Amanda Eklund, a law student in Umeå reported the advertisement for the Lekia toy chain to Sweden’s advertising ombudsman after it was printed in several newspapers and magazines in the northern Swedish city, complaining that it objectified women as sex objects and presented a stereotyped image of gender roles.
”Boys have the option of dressing themselves up as a fully clothed pirate, but the only option left for girls is to be a barely dressed, sexualised adult woman,” she wrote in her complaint, according to Swedish broadcaster SVT, which declined to name her.
“This is a stereotyped picture of gender roles, which a toyshop, whose target group are children, should not engage in.”
Lekia argued that 75% of the shop’s customers were in fact adults, many of them, like Eklund, students at Umeå University.
It said that that female model in the advert had been intended to show that the shop had fancy dress for adults as well as children, not to encourage young girls to wear suspenders and short skirts.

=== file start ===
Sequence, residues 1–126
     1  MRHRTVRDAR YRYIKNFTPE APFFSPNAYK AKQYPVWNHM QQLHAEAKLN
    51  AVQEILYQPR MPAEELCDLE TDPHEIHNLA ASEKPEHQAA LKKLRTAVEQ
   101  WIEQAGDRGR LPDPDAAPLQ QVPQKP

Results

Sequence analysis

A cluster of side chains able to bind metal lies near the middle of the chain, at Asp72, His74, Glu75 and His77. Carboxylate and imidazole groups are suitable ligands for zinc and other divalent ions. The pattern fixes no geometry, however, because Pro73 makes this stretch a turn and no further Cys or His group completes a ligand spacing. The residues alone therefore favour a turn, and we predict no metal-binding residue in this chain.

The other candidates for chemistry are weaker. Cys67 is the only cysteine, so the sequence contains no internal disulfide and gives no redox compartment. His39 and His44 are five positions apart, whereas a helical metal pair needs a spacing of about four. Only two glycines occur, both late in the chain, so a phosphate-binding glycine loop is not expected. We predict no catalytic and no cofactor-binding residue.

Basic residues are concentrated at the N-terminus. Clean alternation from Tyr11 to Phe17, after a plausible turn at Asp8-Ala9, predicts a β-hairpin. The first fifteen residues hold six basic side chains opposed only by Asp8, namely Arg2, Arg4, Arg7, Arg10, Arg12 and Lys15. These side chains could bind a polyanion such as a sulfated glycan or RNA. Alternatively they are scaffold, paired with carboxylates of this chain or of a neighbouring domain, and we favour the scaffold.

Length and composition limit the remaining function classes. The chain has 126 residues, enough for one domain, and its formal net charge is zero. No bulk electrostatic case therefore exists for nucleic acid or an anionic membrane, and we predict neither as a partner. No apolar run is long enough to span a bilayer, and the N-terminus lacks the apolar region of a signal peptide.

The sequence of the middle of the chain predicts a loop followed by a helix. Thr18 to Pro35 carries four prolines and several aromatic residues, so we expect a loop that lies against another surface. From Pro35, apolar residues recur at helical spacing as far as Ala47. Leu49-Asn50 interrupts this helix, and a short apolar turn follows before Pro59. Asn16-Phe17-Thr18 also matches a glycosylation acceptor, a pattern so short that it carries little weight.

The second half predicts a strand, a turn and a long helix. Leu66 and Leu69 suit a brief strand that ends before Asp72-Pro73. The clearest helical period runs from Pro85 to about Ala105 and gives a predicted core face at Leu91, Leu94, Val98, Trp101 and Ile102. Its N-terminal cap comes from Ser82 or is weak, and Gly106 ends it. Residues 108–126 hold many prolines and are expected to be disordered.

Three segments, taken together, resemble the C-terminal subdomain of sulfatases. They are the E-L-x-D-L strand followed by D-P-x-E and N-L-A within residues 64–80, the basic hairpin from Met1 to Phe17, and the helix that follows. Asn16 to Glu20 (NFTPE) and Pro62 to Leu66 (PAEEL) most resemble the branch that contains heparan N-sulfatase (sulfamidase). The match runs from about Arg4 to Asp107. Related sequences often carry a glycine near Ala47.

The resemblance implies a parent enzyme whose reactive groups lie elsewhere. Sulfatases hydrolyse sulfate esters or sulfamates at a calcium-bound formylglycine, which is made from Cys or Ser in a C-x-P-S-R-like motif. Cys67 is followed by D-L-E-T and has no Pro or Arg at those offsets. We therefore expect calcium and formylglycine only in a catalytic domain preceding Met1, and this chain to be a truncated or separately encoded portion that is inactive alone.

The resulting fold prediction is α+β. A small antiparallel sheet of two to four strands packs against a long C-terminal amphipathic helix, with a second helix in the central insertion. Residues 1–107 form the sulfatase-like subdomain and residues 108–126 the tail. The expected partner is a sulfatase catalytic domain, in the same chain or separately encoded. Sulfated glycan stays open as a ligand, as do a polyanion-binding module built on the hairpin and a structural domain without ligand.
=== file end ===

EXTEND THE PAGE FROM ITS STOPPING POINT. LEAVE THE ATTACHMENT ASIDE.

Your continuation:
“We never thought for a moment that anyone could see it as sexist,” the chain said in its reply to the ombudsman, according to the local Västerbottens Kuriren newspaper.
The advertising ombudsman ordered the toyshop to withdraw the advert, ruling that it contravened sex discrimination rules prohibiting treating either women or men as sex objects, giving a stereotyped picture of gender roles, or denigrating either men or women.